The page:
The following censorship instructions, issued to the media by government authorities, have been leaked and distributed online. The name of the issuing body has been omitted to protect the source.
Regarding the heavy rain striking Henan and other places, shift the focus of reporting toward post-disaster recovery. Without prior permission, do not publish unauthorized images showing dead bodies, take an exaggeratedly sorrowful tone, or hype or draw connections to past events. Strictly adhere to authoritative information with regard to statistics on casualties or property damage.
Do not report on the Zheng Shuang tax case.
This morning, the State Council will hold a press conference on tracing the origins of COVID-19. Do not report. (July 23, 2021) [Chinese]
Extraordinarily heavy rainfall caused massive flooding in Henan this week. The confirmed death toll in Zhengzhou, the provincial capital, rose to 51 on Friday, with another 400,000 displaced and damage amounting to $10 billion dollars. The situation in rural areas remains unclear, but is likely to be worse. CDT compiled an overview on Thursday of English-language news and social media coverage, highlighting a further selection of posts from CDT Chinese. Natural disasters are a perennial focus of censors in China, particularly due to frequent criticism of official preparations or responses. For more on official handling of natural disasters and their aftermaths, see CDT’s interview with historian Jeremy Brown.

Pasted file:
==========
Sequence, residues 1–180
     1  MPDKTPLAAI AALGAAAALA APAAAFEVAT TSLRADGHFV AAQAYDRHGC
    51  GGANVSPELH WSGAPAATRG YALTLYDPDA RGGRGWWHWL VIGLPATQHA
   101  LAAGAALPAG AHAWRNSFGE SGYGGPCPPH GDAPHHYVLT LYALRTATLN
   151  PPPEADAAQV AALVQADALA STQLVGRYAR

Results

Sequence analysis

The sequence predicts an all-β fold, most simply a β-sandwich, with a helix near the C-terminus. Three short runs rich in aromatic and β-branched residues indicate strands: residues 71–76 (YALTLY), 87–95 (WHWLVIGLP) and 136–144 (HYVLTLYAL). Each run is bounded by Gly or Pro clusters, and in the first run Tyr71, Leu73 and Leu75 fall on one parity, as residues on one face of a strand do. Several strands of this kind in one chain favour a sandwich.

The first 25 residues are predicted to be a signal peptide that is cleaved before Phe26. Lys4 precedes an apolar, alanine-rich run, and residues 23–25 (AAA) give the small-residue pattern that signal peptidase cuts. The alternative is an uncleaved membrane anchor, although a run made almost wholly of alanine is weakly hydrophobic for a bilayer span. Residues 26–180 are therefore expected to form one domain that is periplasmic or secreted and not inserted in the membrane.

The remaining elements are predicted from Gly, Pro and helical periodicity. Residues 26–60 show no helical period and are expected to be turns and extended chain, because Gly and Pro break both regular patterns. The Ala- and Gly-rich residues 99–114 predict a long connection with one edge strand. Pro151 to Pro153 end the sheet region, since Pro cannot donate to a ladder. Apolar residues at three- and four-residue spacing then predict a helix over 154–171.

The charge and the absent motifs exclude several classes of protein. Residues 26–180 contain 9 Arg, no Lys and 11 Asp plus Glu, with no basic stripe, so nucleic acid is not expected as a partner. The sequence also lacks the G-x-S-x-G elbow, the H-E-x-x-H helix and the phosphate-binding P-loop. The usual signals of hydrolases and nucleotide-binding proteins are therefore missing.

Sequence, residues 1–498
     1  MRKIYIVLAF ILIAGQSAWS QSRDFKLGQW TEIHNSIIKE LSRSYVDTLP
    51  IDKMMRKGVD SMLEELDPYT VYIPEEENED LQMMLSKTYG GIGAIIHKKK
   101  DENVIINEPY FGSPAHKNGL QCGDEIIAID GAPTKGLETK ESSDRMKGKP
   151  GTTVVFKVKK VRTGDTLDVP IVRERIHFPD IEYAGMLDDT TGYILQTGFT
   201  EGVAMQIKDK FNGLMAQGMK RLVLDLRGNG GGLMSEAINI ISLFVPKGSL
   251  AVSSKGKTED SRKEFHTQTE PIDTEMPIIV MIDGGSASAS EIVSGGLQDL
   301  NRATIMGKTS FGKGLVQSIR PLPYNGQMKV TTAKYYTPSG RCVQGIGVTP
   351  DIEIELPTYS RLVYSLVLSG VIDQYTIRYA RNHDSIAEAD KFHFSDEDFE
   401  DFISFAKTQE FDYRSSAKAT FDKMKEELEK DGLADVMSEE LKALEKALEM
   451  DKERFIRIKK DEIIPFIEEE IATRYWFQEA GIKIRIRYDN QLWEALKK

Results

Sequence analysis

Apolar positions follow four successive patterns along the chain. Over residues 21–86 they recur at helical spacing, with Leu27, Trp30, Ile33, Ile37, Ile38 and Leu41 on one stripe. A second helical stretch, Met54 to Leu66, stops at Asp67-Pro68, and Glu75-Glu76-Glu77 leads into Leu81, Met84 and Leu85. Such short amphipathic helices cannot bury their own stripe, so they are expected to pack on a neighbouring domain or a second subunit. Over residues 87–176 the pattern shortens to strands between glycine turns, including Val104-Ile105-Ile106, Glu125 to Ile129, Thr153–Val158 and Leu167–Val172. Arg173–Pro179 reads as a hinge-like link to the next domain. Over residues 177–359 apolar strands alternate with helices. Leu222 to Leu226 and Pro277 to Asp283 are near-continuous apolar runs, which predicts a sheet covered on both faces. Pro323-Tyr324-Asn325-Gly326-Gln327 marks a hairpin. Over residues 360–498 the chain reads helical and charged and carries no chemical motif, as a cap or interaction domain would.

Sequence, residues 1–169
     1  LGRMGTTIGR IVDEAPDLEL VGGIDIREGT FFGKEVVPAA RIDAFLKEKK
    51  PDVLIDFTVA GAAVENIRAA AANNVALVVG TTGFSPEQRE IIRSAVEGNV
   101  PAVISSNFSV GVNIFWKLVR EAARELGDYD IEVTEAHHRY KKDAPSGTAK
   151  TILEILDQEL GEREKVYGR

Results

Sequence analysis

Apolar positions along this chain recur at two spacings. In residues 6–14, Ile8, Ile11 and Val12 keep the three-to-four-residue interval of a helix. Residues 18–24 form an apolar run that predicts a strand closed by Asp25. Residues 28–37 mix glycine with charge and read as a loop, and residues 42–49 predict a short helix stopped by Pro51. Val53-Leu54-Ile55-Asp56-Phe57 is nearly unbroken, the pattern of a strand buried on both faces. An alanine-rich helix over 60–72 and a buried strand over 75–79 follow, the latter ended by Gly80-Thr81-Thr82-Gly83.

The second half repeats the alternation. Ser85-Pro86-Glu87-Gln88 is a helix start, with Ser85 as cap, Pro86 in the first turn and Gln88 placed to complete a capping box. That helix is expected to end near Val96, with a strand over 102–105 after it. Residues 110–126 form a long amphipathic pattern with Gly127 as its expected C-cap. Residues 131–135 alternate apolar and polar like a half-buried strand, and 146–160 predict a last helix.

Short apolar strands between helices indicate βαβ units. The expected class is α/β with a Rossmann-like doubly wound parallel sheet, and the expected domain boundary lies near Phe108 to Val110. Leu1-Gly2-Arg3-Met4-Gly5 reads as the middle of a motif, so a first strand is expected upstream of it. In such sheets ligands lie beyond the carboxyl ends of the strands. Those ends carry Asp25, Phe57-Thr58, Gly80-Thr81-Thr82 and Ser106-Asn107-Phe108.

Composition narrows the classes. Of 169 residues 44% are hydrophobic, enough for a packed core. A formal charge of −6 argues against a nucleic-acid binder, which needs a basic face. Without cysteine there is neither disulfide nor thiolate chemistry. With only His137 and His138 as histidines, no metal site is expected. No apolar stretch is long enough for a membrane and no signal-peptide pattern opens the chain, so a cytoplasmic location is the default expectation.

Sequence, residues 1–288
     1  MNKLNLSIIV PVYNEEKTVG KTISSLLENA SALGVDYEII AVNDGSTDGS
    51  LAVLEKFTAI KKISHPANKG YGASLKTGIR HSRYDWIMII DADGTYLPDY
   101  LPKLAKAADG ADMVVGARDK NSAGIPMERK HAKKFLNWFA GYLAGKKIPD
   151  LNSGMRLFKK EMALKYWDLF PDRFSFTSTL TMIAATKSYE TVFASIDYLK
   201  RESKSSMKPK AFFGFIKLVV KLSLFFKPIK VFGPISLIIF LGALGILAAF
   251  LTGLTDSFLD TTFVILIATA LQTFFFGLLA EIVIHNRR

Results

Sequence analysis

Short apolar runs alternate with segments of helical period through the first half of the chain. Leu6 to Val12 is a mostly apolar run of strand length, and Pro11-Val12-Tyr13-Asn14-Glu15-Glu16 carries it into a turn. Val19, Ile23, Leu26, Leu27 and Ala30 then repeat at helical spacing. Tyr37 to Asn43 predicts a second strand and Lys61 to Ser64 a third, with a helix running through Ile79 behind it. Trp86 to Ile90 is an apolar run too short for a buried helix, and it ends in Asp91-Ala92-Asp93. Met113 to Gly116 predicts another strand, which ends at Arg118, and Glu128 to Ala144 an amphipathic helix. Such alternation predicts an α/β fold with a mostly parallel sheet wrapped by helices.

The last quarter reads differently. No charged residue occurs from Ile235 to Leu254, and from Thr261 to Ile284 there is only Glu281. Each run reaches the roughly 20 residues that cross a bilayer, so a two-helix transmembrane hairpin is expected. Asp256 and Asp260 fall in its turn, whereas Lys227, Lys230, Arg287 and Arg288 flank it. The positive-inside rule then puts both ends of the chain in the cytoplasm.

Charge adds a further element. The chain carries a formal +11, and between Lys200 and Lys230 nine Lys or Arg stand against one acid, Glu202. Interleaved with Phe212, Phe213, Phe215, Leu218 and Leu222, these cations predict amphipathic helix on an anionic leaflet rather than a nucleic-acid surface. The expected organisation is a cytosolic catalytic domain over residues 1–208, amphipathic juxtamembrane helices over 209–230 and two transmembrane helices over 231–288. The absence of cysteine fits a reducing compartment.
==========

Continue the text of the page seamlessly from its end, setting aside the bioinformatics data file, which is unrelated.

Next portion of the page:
Actor Zheng Shuang was at the centre of two major scandals earlier this year, one involving the alleged abandonment of two children born to surrogate mothers in the United States, and the other over alleged tax evasion and contract fraud. On Monday, Zheng broke a months-long silence on Weibo, promising "to accept criticisms from all sides and consciously reflect on my mistakes," and "to make up the shortfall if there are errors caused by my negligence or unprofessionalism. I hope the tax authorities can accord me due process and not be influenced by the surrogacy incident." Such due process is not guaranteed: law professor Donald Clarke noted regarding a similar case against megastar Fan Bingbing in 2018 that "according to the Chinese government’s own story, this is an ordinary case of tax evasion by a rich person. And yet even in this ordinary case, the state could not manage to follow its own rules.” CDT published several directives related to the Fan Bingbing case, two governing reports and comments on entertainment industry "yin-yang contract" tax evasion, and a third forbidding critical commentary on subsequent tax collection changes.
Also this week, Chinese authorities rejected plans from the World Health Organization for further investigation of the COVID-19 pandemic’s origins.
Since directives are sometimes communicated orally to journalists and editors, who then leak them online, the wording published here may not be exact. Some instructions are issued by local authorities or to specific sectors, and may not apply universally across China. The date given may indicate when the directive was leaked, rather than when it was issued. CDT does its utmost to verify dates and wording, but also takes precautions to protect the source. See CDT’s collection of Directives from the Ministry of Truth since 2011.